arnica topical (generic name)
- Auto Immune Conditions
- Bladder & Kidney Health
- Brain & Nervous System
- Care Transitions
- Dental Health
- Emotional Health
- Eye Health
- Falls Prevention
- Financial Planning
- General Safety
- Health Care Basics
- Healthy Living
- Hearing Loss
- Heart Health
- High Blood Pressure
- Life Transitions
- Lung Health
- Men's Health
- Nutrition & Weight Management
- Pain Management
- Preventive Health
- Sexual Health
- Stomach & Digestive Health
- Stress & Anxiety
- Women's Health
Interactions with Drugs
Arnica may interact with anesthetic (pain-reducing) drugs, corticosteroids, or anti-inflammatories; reduce the effectiveness of blood pressure-lowering drugs; and/or enhance bleeding if taken with other anticoagulants (blood thinners). Caution is advised.
Arnica applied to the skin may increase hydroxyethyl salicylate's analgesic (pain-relieving) effect.
Certain constituents found in arnica may lower serum lipids. Caution is advised in those patients taking cholesterol-lowering medications.
Interactions with Herbs and Dietary Supplements
Arnica may interact with herb or supplements with anesthetic (pain-reducing), steroid, or anti-inflammatory effects.
Arnica may increase the risk of bleeding when taken with drugs that increase the risk of bleeding. Multiple cases of bleeding have been reported with the use of Ginkgo biloba, and fewer cases with garlic and saw palmetto.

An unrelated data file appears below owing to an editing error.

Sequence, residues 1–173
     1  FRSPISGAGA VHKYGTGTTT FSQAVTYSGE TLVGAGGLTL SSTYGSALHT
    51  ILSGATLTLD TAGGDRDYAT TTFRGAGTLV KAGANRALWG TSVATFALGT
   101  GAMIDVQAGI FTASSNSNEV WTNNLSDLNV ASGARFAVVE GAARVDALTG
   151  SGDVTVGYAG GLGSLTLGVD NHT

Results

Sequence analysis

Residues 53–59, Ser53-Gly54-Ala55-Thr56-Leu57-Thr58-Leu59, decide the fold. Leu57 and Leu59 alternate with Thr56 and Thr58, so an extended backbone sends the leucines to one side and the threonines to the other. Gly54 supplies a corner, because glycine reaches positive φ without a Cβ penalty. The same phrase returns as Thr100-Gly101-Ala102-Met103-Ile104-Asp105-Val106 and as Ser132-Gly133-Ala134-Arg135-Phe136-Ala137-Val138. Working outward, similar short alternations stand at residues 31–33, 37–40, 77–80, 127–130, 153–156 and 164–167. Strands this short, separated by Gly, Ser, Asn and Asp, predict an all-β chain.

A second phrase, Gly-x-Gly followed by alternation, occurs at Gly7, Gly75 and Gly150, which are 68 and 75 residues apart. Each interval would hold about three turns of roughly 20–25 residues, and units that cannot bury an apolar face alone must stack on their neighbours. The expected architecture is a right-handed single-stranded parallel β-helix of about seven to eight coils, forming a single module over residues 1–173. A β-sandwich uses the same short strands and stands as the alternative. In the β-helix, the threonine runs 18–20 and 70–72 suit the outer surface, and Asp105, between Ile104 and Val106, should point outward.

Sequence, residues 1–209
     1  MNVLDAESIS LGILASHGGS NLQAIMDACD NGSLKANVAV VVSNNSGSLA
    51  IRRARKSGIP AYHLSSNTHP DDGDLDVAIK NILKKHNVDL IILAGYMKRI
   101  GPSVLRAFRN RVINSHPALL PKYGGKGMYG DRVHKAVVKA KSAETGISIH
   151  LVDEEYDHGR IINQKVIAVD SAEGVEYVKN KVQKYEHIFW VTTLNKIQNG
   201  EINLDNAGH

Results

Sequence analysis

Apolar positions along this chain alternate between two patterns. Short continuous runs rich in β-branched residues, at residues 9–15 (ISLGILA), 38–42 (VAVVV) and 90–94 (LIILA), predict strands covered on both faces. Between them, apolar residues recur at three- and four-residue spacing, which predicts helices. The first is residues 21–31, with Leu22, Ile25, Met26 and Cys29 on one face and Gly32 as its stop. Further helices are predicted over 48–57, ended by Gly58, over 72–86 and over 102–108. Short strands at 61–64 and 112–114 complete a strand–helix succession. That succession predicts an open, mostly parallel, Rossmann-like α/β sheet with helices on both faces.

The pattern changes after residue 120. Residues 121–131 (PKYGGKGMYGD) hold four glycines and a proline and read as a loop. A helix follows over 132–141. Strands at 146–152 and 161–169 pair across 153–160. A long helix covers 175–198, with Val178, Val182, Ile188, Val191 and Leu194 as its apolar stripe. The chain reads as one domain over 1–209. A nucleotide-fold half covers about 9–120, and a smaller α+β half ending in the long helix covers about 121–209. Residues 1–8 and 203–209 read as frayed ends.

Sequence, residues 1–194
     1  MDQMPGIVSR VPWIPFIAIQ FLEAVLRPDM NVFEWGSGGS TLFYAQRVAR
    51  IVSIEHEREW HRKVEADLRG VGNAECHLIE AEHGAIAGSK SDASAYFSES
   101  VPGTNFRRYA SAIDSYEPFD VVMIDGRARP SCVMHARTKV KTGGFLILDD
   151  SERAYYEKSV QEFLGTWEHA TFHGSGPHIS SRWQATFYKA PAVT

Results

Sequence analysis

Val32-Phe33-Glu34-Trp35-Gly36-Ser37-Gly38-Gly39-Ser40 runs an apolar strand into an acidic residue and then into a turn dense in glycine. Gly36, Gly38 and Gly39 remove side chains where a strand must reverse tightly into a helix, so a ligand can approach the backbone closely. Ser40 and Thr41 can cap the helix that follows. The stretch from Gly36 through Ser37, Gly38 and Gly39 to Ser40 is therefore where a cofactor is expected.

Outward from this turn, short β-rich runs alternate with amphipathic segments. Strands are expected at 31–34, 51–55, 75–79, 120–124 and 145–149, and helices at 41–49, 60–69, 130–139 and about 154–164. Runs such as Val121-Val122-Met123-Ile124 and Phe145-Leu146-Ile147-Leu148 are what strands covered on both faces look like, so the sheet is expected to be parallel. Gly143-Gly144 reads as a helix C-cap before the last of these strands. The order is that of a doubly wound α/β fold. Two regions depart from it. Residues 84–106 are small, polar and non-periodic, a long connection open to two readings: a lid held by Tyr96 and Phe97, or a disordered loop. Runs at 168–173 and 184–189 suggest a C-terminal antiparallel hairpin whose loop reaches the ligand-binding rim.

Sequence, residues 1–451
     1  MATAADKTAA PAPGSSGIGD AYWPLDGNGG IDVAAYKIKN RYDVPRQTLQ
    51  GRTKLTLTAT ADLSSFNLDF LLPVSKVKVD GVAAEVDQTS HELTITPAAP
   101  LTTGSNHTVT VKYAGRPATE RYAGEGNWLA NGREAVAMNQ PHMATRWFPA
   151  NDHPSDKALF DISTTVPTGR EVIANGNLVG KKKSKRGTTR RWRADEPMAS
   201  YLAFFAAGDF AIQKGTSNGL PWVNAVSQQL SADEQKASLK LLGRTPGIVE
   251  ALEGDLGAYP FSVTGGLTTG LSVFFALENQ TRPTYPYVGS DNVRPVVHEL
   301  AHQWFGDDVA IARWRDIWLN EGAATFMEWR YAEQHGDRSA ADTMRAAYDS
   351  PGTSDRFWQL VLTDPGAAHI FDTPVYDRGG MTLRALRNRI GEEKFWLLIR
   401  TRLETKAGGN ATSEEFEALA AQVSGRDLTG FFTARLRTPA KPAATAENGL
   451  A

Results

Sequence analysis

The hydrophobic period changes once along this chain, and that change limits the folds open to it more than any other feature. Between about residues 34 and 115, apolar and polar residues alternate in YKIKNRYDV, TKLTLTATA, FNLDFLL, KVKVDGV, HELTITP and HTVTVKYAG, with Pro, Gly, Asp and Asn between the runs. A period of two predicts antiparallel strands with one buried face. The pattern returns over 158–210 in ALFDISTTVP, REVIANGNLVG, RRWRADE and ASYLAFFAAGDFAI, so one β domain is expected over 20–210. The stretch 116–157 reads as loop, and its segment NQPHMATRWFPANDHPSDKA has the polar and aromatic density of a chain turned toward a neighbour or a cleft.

Arnica use may reduce the effectiveness of blood pressure-lowering herbs and supplements.
Arnica used with daisy (Bellis perennis) may reduce postpartum blood loss. A qualified healthcare practitioner, including a pharmacist, should be consulted before combining herbs and supplements.
This information is based on a professional level monograph edited and peer-reviewed by contributors to the Natural Standard Research Collaboration (www.naturalstandard.com): Ethan Basch, MD (Memorial Sloan-Kettering Cancer Center); Nicole Giese, MS (Natural Standard Research Collaboration); Nicole Giese, MS (Natural Standard Research Collaboration); Mary Giles, PharmD (University of Rhode Island); Michael Goble, BS, PharmD (Massachusetts College of Pharmacy); Nicole M. Maisch, PharmD (St. John's University College of Pharmacy and Allied Health Professions); Erica Seamon, PharmD (Natural Standard Research Collaboration); David Sollars, MAc, HMC (New England School of Acupuncture); Shaina Tanguay-Colucci, BS (Natural Standard Research Collaboration); Verda Tunaligil, MD, MPH (Harvard School of Public Health); Catherine Ulbricht, PharmD (Massachusetts General Hospital); Mamta Vora, PharmD (Natural Standard Research Collaboration); Wendy Weissner, BA (Natural Standard Research Collaboration).
BibliographyDISCLAIMER: Natural Standard developed the above evidence-based information based on a thorough systematic review of the available scientific articles. For comprehensive information about alternative and complementary therapies on the professional level, go to www.naturalstandard.com. Selected references are listed below.